Generally speaking, 100 ASA films (ASA is the film synonym for what we now know as ISO) offers the best color saturation and tonal gradation as well as finer grain and least noise. Of course the lower the ASA, the less the film is sensitive to light and the more light needed to register a correct exposure.
Higher ASA film is more sensitive to light which can be useful in low lighting conditions especially if your camera offers a limited variety of shutter speeds to be used. High ASA films are also more expensive. For general shooting, medium-speed film might be most convenient.
Film expiration is the date by which you should have used your film. The film expiration date, which can be found on your film box, assumes average storing conditions away from direct sunlight, heat and humidity. To extend their film life, I’ve heard of some people storing their film (sealed) in the fridge to keep it fresh (same as some people do with perfume or smokes).
With time, film sensitivity to light tends to lessen and colors suffer. I personally don’t really put my rolls in the fridge, but I do keep them in a dry place away from direct heat. Plus, expired film can still be used and often gives interesting and unique results!
Number of frames
Most widely spread 35mm film format has a dimension of 24mm X 36mm and usually offers 24 or 36 frames, though there are few that come in 12 frame lengths.
A camera is basically a box with a lens at the front through which light travels, and some sort of light sensitive material at the back that light hits and in turn registering an exposure. In digital cameras, that light sensitive material is a digital sensor, whereas in film cameras that is called photographic film.
Film cameras nowadays can be one of four basic types: compact cameras, single lens reflex cameras (SLRs), twin lens reflex cameras (TLRs), and view cameras. Film also can be one of three basic types according to picture size: regular 35mm film, medium format, and large format.
Shooting with film cameras is generally straight-forward, and very much like shooting with a digital one. There might be a few minor differences depending on the specific brand of camera you’re using but the most obvious one might be that of setting the ASA value of your film (which is the film speed and can be found on the box as discussed earlier).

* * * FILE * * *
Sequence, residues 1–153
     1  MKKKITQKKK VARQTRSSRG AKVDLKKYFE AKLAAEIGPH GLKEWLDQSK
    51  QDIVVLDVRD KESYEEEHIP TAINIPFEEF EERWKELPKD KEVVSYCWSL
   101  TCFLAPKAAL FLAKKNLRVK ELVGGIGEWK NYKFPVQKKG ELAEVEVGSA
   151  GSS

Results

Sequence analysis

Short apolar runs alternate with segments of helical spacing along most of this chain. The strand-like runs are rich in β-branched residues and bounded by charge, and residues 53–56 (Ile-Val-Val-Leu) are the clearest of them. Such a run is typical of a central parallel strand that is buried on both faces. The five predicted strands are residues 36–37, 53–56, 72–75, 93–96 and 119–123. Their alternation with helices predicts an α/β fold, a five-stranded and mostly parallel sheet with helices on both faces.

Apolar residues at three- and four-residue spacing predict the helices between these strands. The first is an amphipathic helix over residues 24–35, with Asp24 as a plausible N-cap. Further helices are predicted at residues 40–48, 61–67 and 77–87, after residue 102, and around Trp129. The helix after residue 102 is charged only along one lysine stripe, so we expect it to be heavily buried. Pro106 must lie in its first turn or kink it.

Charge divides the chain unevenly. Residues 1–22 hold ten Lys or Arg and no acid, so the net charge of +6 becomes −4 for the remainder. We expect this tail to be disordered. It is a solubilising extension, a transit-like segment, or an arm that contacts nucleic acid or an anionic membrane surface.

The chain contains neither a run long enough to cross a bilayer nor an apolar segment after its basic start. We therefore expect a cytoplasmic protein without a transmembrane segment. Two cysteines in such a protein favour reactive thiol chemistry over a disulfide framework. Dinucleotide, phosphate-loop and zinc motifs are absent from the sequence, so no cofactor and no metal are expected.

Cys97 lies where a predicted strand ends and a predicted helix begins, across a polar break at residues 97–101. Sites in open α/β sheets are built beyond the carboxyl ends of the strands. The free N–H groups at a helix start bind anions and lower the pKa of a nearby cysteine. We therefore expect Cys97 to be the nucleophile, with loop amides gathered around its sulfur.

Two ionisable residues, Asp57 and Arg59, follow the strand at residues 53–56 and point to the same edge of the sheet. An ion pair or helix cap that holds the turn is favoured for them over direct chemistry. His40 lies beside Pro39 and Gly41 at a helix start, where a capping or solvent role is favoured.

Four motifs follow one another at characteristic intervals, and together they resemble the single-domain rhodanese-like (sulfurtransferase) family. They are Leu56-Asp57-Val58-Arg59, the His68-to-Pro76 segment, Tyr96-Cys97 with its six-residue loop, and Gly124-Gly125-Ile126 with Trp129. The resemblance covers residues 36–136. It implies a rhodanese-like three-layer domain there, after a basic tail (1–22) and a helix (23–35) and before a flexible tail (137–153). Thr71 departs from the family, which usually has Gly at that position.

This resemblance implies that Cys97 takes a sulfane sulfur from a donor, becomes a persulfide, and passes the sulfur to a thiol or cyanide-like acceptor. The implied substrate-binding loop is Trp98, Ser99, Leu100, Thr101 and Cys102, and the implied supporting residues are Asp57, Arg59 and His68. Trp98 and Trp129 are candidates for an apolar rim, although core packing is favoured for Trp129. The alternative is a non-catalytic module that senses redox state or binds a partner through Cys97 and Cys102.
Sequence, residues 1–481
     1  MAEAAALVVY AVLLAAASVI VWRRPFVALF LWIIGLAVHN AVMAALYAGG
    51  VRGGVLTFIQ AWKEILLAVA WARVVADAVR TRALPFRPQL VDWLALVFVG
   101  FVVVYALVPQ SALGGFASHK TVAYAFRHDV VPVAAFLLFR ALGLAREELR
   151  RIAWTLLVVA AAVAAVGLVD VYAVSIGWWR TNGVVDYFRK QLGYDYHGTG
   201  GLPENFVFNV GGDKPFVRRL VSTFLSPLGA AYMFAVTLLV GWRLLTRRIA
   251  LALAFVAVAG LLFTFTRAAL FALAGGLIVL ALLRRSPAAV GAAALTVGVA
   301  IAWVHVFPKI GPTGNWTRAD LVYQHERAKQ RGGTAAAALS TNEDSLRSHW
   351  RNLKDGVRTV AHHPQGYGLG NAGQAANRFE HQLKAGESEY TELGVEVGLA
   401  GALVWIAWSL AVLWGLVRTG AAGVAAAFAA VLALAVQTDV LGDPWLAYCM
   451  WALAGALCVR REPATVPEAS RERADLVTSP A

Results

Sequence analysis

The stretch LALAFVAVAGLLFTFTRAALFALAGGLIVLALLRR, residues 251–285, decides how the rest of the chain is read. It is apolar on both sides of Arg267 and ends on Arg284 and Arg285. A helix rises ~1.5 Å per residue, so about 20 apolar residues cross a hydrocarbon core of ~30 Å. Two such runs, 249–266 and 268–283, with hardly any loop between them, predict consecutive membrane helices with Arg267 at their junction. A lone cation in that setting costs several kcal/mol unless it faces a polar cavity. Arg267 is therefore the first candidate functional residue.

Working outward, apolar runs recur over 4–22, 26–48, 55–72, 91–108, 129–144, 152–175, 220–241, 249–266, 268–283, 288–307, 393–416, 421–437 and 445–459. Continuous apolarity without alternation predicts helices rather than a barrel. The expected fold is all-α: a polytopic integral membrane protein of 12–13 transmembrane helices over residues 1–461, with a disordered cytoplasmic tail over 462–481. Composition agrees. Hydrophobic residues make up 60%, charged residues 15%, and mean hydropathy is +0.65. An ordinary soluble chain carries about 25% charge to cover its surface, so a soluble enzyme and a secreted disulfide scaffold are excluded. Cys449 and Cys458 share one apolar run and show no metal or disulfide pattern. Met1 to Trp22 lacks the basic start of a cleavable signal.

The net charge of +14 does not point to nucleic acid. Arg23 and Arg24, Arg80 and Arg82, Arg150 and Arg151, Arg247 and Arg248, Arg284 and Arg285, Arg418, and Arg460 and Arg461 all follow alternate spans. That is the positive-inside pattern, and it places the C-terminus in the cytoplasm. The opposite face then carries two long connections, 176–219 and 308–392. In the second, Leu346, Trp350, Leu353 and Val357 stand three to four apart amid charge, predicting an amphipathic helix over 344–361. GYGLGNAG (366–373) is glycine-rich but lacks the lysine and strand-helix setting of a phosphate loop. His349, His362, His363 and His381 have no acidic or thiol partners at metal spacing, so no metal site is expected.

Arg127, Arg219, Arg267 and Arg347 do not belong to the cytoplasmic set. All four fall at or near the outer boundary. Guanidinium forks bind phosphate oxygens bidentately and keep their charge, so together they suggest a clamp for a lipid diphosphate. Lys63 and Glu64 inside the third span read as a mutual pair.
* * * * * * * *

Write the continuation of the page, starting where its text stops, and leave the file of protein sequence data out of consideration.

Although some film cameras would automatically detect the speed of the film loaded into it by reading a bar code on the cassette via electrical contacts in the film feed compartment, most older film cameras have a knob which you can turn in order to set the speed of the film currently loaded in the back. This of course comes in handy with cameras with built-in electronic light meters, so that once you set the aperture and shutter speed values it would give you some sort of signal notifying you whether or not you need to over-expose or under-expose your current settings for an accurate exposure. This pretty much works the same way as those through the lens (TTL) light metering devices found on current digital cameras these days.
Getting into film photography might be a bit overwhelming at first, especially when you hold the camera in your hands for the first time and realize that most of the luxury we’re used to these days, especially in more professional digital cameras, might not be there. Trust me though, if you’re a photographer (digital or not), it won’t take you more than 20 minutes to figure that film SLR all out. In the end, all cameras serve the same purpose and DSLR vs. SLR more or less can be functioned in the same way.
I, for one, have been shooting digital ever since I got into this medium but once I got my first old, dusty, super cheap film SLR I honestly never looked back. You will need to get used to the whole notion of actually paying for film rolls and development costs, but the quality and the mood of these photos you’ll be getting is absolutely invaluable!
You can get a good old SLR camera for less than 20 bucks. Throw in a roll of film and voila! You’re all set to go! Happy clicking =)
from The D-Photo http://www.thedphoto.com